My son contracted Kawasaki Disease in 1987 when he was 4. It was a terrifying experience as the doctors could not explain what was causing his symptoms, including a fever of 104. The poor kid underwent spinal taps and more. Eventually he was transferred to Boston Floating Hospital for Children where they concluded he had Kawasaki. There was no test for it - it's one of those "process of elimination" diagnoses and not all who have KD have all of the symptoms. At that time, there was no known cure but my son was enrolled in a random trial of gamma globulin infusion and, thankfully, the dosage he was assigned turned out to be the one that worked the best. He recovered and tests showed no lasting heart damage.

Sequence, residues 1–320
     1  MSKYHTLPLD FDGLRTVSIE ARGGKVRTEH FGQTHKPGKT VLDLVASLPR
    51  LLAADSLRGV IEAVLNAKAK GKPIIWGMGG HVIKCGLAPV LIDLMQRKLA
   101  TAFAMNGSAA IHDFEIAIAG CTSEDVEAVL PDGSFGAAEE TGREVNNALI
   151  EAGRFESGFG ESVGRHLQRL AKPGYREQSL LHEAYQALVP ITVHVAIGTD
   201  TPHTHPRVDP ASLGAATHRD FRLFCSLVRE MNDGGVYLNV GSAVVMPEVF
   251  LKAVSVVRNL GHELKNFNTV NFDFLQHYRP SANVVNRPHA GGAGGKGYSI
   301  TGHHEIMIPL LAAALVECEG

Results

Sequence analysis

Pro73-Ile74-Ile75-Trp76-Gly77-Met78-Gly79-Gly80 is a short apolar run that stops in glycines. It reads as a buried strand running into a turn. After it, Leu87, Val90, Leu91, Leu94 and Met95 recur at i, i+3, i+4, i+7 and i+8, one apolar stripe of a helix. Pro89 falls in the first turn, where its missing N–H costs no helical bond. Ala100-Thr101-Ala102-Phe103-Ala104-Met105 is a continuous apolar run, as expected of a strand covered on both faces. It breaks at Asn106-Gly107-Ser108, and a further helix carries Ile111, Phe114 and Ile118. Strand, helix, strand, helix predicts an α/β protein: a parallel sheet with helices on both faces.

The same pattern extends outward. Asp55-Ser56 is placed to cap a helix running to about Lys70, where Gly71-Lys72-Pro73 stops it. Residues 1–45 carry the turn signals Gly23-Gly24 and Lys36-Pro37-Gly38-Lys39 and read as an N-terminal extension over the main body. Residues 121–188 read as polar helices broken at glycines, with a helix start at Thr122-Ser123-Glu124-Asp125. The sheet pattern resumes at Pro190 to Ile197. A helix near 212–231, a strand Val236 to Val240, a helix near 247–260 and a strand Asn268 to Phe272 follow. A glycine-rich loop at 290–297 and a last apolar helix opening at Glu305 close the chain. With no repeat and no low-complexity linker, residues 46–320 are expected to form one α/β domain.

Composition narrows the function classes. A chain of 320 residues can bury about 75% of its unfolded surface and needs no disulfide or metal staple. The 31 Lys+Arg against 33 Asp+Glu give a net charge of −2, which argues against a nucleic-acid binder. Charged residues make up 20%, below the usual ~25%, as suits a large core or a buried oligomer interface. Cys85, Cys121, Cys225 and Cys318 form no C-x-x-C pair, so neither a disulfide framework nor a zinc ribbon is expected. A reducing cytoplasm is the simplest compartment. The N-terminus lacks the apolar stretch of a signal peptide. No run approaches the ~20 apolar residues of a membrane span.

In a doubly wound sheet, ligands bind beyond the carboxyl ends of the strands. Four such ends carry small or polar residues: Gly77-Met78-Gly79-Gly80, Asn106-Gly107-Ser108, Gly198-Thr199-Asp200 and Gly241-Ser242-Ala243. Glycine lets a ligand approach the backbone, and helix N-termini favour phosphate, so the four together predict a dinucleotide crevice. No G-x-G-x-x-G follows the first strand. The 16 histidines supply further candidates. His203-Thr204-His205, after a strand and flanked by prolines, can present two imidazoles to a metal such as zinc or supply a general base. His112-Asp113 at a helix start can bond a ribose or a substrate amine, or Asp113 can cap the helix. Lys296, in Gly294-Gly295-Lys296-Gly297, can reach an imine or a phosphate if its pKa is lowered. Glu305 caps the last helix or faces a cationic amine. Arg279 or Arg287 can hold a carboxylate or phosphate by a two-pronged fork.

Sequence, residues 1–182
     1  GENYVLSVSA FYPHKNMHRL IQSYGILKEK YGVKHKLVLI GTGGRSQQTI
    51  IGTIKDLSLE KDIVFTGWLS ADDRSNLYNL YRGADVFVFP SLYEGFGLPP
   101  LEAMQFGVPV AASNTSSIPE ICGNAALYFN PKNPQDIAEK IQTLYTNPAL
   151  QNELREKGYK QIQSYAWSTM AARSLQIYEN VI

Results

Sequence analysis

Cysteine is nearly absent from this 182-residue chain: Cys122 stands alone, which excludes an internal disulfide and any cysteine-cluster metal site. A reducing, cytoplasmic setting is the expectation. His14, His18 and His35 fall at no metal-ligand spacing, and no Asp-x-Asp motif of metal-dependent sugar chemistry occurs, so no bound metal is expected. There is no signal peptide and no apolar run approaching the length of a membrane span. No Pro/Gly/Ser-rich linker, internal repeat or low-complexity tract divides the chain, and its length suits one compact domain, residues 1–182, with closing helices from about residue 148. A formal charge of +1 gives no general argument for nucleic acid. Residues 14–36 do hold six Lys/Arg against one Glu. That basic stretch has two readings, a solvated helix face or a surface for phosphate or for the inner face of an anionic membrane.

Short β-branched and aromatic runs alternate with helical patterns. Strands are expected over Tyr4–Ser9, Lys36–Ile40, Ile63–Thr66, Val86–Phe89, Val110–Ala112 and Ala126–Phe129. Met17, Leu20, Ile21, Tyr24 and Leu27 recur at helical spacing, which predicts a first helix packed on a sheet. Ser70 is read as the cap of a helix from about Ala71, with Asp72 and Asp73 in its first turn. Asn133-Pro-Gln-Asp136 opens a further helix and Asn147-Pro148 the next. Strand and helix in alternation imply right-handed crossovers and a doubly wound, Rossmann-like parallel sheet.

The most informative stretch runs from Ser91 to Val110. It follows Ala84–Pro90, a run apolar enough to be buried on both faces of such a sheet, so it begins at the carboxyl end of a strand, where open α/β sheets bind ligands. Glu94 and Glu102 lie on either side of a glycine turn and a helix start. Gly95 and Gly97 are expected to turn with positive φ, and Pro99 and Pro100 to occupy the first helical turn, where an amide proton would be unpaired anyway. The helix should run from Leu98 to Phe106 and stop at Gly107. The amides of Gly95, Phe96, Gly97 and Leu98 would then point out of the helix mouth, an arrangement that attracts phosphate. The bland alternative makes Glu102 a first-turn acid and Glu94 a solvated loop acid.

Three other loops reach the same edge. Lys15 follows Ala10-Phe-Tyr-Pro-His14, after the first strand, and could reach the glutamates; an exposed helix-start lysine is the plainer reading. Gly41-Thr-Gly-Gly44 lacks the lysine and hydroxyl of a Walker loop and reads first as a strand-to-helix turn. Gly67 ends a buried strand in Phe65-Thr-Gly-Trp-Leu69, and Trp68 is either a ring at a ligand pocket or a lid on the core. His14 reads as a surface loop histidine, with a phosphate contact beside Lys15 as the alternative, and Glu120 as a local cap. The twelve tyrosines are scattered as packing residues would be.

At the time, there were many wild theories as to what caused it. One of the more prevalent notions was that it was triggered by carpet cleaning chemicals, since debunked. This paper smacks to me of "correlation does not equal causation". I'm especially dubious about the supposed geographic origins given that incidents, while clustered around metropolitan areas, were not confined to the west US coast (we live in New Hampshire.)
Over the years I have read many articles and research papers about Kawasaki Disease. I don't think we're any closer to an explanation than we were in 1987.